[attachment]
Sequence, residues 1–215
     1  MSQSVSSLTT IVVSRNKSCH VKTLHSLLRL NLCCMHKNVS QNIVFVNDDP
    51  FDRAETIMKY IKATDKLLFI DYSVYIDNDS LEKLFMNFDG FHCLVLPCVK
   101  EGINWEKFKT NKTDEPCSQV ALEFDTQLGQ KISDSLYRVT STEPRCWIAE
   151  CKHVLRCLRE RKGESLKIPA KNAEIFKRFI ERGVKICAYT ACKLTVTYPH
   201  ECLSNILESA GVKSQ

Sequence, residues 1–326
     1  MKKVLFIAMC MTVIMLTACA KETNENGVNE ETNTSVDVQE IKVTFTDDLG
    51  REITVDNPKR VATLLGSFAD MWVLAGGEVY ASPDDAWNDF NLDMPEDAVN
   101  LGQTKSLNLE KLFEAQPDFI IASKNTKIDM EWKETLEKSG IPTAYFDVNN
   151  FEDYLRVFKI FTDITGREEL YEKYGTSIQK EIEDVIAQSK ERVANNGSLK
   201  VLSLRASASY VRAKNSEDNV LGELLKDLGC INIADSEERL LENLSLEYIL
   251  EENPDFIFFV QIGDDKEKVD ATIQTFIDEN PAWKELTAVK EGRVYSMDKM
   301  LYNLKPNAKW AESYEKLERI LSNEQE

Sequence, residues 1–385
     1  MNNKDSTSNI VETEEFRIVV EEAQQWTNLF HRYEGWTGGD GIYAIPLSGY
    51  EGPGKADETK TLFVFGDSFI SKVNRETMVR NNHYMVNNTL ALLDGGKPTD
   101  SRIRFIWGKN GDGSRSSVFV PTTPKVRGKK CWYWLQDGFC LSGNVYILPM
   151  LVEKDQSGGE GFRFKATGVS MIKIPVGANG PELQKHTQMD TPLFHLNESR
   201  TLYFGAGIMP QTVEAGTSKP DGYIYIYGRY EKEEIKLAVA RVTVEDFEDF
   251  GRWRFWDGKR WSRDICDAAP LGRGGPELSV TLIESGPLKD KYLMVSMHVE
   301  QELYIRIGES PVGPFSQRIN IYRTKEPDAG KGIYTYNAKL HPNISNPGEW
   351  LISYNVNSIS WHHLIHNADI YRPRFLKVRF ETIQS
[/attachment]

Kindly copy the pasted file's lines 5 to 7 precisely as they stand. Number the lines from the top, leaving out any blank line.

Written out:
   151  CKHVLRCLRE RKGESLKIPA KNAEIFKRFI ERGVKICAYT ACKLTVTYPH
   201  ECLSNILESA GVKSQ

Sequence, residues 1–326